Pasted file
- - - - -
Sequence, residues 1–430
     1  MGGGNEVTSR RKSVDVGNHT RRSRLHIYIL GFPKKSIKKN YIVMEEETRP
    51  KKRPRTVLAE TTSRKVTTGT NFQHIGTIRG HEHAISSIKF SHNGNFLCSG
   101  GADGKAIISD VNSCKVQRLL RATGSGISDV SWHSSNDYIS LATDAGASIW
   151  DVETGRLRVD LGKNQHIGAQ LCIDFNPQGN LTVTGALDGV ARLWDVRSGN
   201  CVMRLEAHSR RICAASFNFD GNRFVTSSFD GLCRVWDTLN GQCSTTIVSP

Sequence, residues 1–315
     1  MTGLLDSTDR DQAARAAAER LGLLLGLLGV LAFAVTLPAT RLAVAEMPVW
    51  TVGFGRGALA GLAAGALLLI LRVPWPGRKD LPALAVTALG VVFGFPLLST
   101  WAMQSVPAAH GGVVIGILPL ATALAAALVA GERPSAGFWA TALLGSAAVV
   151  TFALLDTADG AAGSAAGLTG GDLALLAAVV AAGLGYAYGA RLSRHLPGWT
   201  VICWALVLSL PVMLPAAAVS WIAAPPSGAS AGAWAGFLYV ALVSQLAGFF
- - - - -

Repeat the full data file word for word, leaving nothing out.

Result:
Sequence, residues 1–430
     1  MGGGNEVTSR RKSVDVGNHT RRSRLHIYIL GFPKKSIKKN YIVMEEETRP
    51  KKRPRTVLAE TTSRKVTTGT NFQHIGTIRG HEHAISSIKF SHNGNFLCSG
   101  GADGKAIISD VNSCKVQRLL RATGSGISDV SWHSSNDYIS LATDAGASIW
   151  DVETGRLRVD LGKNQHIGAQ LCIDFNPQGN LTVTGALDGV ARLWDVRSGN
   201  CVMRLEAHSR RICAASFNFD GNRFVTSSFD GLCRVWDTLN GQCSTTIVSP

Sequence, residues 1–315
     1  MTGLLDSTDR DQAARAAAER LGLLLGLLGV LAFAVTLPAT RLAVAEMPVW
    51  TVGFGRGALA GLAAGALLLI LRVPWPGRKD LPALAVTALG VVFGFPLLST
   101  WAMQSVPAAH GGVVIGILPL ATALAAALVA GERPSAGFWA TALLGSAAVV
   151  TFALLDTADG AAGSAAGLTG GDLALLAAVV AAGLGYAYGA RLSRHLPGWT
   201  VICWALVLSL PVMLPAAAVS WIAAPPSGAS AGAWAGFLYV ALVSQLAGFF